San Francisco bay area has a rich history of filmmaking going back to the late 19th when Eadweard Muybridge demonstrated the moving picture of a horse to Leland Stanford, founder of Stanford University. In the early 20th the bay area was home to the Silent Film industry and Niles Canyon near Fremont was home to Essanay Studios that hired Charlie Chaplin and made “The Tramp” in this area.
Here is an article I wrote for Open magazine in 2009 about Niles Canyon and the silent film industry and how the west coast won the war against Thomas Edison’s monopoly of the film. And 100 years later filmmaking is back in the bay area in a new way – think online streaming and Netflix.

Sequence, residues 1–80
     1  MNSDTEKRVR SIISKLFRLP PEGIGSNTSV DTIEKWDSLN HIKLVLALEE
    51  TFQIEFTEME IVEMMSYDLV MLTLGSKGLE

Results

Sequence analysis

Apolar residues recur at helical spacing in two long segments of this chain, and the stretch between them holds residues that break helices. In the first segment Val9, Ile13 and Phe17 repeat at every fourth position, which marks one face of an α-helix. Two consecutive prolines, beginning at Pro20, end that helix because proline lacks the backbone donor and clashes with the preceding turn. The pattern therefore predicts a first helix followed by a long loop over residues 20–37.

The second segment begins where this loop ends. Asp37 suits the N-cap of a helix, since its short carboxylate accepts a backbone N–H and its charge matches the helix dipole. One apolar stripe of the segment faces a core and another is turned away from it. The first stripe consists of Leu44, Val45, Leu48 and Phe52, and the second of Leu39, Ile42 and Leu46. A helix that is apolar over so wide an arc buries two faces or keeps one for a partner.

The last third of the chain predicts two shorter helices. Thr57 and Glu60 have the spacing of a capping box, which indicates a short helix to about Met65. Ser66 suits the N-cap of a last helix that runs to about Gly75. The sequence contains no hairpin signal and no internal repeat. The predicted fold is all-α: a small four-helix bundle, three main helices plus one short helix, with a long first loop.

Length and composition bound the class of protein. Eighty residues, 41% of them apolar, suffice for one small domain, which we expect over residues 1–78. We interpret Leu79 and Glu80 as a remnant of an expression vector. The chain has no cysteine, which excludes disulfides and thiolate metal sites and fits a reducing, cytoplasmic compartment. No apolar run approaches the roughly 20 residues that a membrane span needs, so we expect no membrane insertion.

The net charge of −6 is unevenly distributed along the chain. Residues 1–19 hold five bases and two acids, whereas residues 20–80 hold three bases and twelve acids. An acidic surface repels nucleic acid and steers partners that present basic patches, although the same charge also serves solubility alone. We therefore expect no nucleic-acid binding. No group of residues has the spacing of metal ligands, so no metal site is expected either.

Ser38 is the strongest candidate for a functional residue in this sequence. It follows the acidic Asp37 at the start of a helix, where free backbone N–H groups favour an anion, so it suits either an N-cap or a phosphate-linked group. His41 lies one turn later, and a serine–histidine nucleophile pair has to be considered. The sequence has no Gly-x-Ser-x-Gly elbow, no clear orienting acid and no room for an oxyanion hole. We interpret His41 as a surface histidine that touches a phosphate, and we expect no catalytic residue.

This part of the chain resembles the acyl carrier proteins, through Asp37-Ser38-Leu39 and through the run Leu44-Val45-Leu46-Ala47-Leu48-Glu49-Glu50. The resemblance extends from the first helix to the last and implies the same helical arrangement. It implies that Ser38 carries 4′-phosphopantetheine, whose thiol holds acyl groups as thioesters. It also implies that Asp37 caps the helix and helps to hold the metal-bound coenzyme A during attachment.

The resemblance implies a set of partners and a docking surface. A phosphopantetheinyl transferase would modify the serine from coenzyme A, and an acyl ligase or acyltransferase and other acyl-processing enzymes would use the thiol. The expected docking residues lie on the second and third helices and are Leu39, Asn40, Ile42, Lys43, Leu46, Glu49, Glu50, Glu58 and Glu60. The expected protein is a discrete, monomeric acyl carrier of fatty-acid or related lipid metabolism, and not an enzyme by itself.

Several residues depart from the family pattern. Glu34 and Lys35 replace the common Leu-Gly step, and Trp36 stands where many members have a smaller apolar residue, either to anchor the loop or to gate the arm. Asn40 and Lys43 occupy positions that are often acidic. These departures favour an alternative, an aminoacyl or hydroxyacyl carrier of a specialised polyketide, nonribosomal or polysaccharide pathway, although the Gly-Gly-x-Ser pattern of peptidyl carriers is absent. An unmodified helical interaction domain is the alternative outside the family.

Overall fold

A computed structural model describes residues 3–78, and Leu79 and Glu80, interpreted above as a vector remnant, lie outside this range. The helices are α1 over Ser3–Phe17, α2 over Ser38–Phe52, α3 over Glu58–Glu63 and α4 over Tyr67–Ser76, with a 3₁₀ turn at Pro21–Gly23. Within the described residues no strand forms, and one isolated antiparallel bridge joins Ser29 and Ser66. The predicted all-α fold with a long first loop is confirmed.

THE LARGE white letters spelt ‘N-I-L-E-S’ reminded me of that other famous sign: ‘H-O-L-L-Y-W-O-O-D.’ I often wondered about the startling similarities between these two signs, both perched on hillsides, and if there were any deeper connections. I finally gave in to curiosity and took a detour to venture into a street that looked straight out of an old western. Niles Boulevard, the main street, had mostly antique stores on one side and a railway track on the other. And way above the track was the sign I’d come to know so well. My eyes caught the Charlie Chaplin figures on the lamp posts. Why Chaplin? Intrigued, I drove on, looking for clues, and found my answer. The sign read: ‘Niles Essanay Silent Film Museum.’ It wasn’t open. Continue reading